Starting in the 1.4 release the FlatpageFallbackMiddleware only adds a trailing slash and redirects if the resulting URL refers to an existing flatpage. For example, requesting /notaflatpageoravalidurl in a previous version would redirect to /notaflatpageoravalidurl/, which would subsequently raise a 404. Requesting /notaflatpageoravalidurl now will immediately raise a 404. Additionally redirects returned by flatpages are now permanent (301 status code) to match the behavior of the CommonMiddleware.

Serialization of datetime and time

As a consequence of time zone support, and according to the ECMA-262 specification, some changes were made to the JSON serializer:

  • It includes the time zone for aware datetime objects. It raises an exception for aware time objects.
  • It includes milliseconds for datetime and time objects. There is still some precision loss, because Python stores microseconds (6 digits) and JSON only supports milliseconds (3 digits). However, it’s better than discarding microseconds entirely.

The XML serializer was also changed to use the ISO8601 format for datetimes. The letter T is used to separate the date part from the time part, instead of a space. Time zone information is included in the [+-]HH:MM format.

The serializers will dump datetimes in fixtures with these new formats. They can still load fixtures that use the old format.

supports_timezone changed to False for SQLite

The database feature supports_timezone used to be True for SQLite. Indeed, if you saved an aware datetime object, SQLite stored a string that included an UTC offset. However, this offset was ignored when loading the value back from the database, which could corrupt the data.

In the context of time zone support, this flag was changed to False, and datetimes are now stored without time zone information in SQLite. When USE_TZ is False, if you attempt to save an aware datetime object, Django raises an exception.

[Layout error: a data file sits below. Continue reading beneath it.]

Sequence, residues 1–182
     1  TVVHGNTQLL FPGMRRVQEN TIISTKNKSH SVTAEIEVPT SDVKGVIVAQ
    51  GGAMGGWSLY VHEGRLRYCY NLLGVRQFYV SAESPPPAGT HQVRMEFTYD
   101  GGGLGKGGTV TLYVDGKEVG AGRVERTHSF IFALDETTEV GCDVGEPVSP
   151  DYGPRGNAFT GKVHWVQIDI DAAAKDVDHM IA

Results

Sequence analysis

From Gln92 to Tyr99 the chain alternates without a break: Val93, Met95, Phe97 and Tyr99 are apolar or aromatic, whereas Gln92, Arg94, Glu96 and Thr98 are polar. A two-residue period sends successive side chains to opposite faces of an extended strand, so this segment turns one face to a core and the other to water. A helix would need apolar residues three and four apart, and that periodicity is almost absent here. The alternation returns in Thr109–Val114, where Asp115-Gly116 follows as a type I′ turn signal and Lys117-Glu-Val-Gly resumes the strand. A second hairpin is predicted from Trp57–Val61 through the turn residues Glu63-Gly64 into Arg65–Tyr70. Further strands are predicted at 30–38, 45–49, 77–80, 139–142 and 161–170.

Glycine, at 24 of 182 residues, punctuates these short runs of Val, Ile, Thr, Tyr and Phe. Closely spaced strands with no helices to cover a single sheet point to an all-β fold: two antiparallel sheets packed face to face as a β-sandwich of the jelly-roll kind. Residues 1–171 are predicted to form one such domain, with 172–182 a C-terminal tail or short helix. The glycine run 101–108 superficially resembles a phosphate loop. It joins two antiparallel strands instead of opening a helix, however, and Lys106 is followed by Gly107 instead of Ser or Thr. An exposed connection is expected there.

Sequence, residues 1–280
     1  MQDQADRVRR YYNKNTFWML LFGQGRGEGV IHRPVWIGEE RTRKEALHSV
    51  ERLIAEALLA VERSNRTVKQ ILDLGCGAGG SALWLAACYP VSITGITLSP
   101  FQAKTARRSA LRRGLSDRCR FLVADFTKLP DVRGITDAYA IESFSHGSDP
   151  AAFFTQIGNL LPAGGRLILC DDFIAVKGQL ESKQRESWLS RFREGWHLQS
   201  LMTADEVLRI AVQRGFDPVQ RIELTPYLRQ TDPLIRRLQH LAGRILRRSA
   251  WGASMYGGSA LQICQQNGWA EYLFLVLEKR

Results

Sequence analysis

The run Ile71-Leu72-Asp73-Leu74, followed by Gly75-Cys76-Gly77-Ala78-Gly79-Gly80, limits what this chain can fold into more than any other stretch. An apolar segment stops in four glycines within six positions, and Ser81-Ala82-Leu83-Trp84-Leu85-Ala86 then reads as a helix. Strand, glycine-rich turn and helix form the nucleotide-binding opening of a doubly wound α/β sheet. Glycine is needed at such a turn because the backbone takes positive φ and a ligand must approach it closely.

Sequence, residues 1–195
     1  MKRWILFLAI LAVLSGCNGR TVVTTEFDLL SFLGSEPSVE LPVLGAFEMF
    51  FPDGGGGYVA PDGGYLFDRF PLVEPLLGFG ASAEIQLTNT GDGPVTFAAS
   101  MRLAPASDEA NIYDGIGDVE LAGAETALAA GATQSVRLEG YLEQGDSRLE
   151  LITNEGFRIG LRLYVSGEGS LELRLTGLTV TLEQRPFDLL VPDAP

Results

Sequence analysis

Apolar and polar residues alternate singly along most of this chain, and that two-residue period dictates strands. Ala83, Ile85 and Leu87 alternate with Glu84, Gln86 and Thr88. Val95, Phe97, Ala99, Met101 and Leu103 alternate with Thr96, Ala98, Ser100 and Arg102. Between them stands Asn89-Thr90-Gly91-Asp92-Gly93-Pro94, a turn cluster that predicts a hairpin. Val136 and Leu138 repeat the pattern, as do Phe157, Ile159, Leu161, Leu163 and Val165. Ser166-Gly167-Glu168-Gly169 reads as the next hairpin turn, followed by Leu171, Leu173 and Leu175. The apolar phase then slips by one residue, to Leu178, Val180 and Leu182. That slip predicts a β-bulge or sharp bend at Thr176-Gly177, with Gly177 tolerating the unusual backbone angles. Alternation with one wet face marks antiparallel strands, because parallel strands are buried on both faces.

Database connection’s thread-locality

DatabaseWrapper objects (i.e. the connection objects referenced by django.db.connection and django.db.connections["some_alias"]) used to be thread-local. They are now global objects in order to be potentially shared between multiple threads. While the individual connection objects are now global, the django.db.connections dictionary referencing those objects is still thread-local. Therefore if you just use the ORM or DatabaseWrapper.cursor() then the behavior is still the same as before. Note, however, that django.db.connection does not directly reference the default DatabaseWrapper object anymore and is now a proxy to access that object’s attributes. If you need to access the actual DatabaseWrapper object, use django.db.connections[DEFAULT_DB_ALIAS] instead.

As part of this change, all underlying SQLite connections are now enabled for potential thread-sharing (by passing the check_same_thread=False attribute to pysqlite). DatabaseWrapper however preserves the previous behavior by disabling thread-sharing by default, so this does not affect any existing code that purely relies on the ORM or on DatabaseWrapper.cursor().

Finally, while it is now possible to pass connections between threads, Django does not make any effort to synchronize access to the underlying backend. Concurrency behavior is defined by the underlying backend implementation. Check their documentation for details.


Django’s comments app has historically supported excluding the comments of a special user group, but we’ve never documented the feature properly and didn’t enforce the exclusion in other parts of the app such as the template tags. To fix this problem, we removed the code from the feed class.

If you rely on the feature and want to restore the old behavior, simply use a custom comment model manager to exclude the user group, like this: